Police officers' image recovers
PRINCETON, NJ -- The percentage of Americans rating the honesty and ethics rating of clergy as very high or high is down to 50% in 2009, the lowest percentage it has been in the 32 years Gallup has measured it.
Gallup conducted its annual Honesty and Ethics of professions poll Nov. 20-22 this year, with one of the major findings the deterioration in ratings of members of Congress. Nurses continue to rate as the most highly regarded profession in terms of honesty and ethics.
"In addition to the clergy and bankers, ratings of stockbrokers have hit a new low, and ratings of business executives, members of Congress, and lawyers have tied their previous lows."
In last year's Honesty and Ethics update, 56% of Americans rated the clergy's honesty and ethics very high or high. The reason for the decline to 50% this year is unclear; but now the clergy's ratings are below where they were earlier this decade during the priest sex-abuse scandal. Ratings of the clergy dropped from their 2008 levels among both Catholics and Protestants, as well as among regular and non-regular churchgoers.
Still, ratings of the clergy remain high on a relative basis, ranking 8th of the 22 professions tested this year. The same cannot be said of bankers, whose ratings tumbled last year from 35% to 23% in the midst of the financial crisis, and fell further this year to a new low of 19%. As recently as 2005, 41% of Americans gave bankers high honesty and ethics ratings.
More broadly, 2009 was not a kind year in terms of how Americans rate members of various professions. In addition to the clergy and bankers, ratings of stockbrokers have hit a new low, and ratings of business executives, members of Congress, and lawyers have tied their previous lows.
Most of the 13 professions measured in both 2008 and 2009 show a decline, and only police officers' ratings improved by a meaningful amount. Ratings of clergy declined the most -- six points -- followed by lawyers, with a five-point drop.
The 63% very high/high ratings for police officers are their best since 2001 -- shortly after the Sept. 11 terrorist attacks -- and the second highest in the 30+ years Gallup has asked about this profession. Over time, ratings of police officers have generally risen, though they were down below 60% the last three years.
Until this year, Gallup had asked Americans to rate the honesty and ethics of "policemen," but this year conducted an experiment to see whether asking the gender-neutral phrasing "police officers" would produce the same results. A random half of respondents were asked to rate "policemen," and the other half "police officers," with both wordings producing similar results (62% and 64%, respectively).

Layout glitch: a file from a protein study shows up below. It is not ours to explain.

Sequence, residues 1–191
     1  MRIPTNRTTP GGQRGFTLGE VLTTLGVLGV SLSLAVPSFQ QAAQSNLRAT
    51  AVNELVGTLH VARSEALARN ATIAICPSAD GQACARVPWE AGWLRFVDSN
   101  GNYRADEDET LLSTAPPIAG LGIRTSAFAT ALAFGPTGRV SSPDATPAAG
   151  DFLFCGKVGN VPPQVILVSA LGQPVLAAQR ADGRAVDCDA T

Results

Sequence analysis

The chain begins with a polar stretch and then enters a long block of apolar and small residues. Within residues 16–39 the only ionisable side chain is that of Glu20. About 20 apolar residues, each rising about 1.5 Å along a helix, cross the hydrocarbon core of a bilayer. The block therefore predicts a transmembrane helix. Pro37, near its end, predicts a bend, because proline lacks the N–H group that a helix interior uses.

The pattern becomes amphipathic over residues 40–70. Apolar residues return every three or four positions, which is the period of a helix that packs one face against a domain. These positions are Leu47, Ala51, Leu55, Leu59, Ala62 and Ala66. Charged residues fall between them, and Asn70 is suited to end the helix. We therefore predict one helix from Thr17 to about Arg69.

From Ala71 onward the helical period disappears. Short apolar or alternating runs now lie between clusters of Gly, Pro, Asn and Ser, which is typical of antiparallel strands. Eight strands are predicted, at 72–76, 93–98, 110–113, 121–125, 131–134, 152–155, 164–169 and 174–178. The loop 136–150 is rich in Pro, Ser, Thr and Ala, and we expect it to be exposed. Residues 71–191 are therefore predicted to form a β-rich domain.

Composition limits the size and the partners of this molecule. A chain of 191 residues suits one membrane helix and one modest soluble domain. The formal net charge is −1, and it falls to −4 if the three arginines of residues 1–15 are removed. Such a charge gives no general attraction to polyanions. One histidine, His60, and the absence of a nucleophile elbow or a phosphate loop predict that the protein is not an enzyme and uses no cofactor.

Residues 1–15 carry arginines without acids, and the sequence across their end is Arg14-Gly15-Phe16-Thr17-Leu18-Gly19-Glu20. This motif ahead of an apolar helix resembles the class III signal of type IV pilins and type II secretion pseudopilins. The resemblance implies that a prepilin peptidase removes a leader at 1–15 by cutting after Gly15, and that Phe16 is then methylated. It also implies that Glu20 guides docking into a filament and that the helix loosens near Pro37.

Gallup also found deterioration in the honesty ratings of several other professions that were last measured in 2006. The most notable decline occurred for state governors, whose ratings are down seven points, from 22% in 2006 to the current 15%. This change could in part be attributed to recent sex scandals involving former New York Gov. Eliot Spitzer and current South Carolina Gov. Mark Sanford.
The new poll also documents significant decreases in the evaluated honesty of dentists and psychiatrists since 2006. Additionally, the four-point decline in ratings of senators over this time period leaves them with a new low rating, similar to the pattern Gallup reported earlier for members of Congress.
Americans' ratings of the honesty and ethics of members working in several professions have established new lows in 2009, with the ratings of clergy and bankers lower now than at any other point in the last three-plus decades. And while Americans rate most professions more poorly than in their prior measurements, certain professions such as nurses, pharmacists, doctors, police officers, and engineers have maintained a high level of confidence from the American public.
Results are based on telephone interviews with 1,017 national adults, aged 18 and older, conducted Nov. 20-22, 2009. For results based on the total sample of national adults, one can say with 95% confidence that the maximum margin of sampling error is ±4 percentage points.
Interviews are conducted with respondents on land-line telephones (for respondents with a land-line telephone) and cellular phones (for respondents who are cell-phone only).
In addition to sampling error, question wording and practical difficulties in conducting surveys can introduce error or bias into the findings of public opinion polls.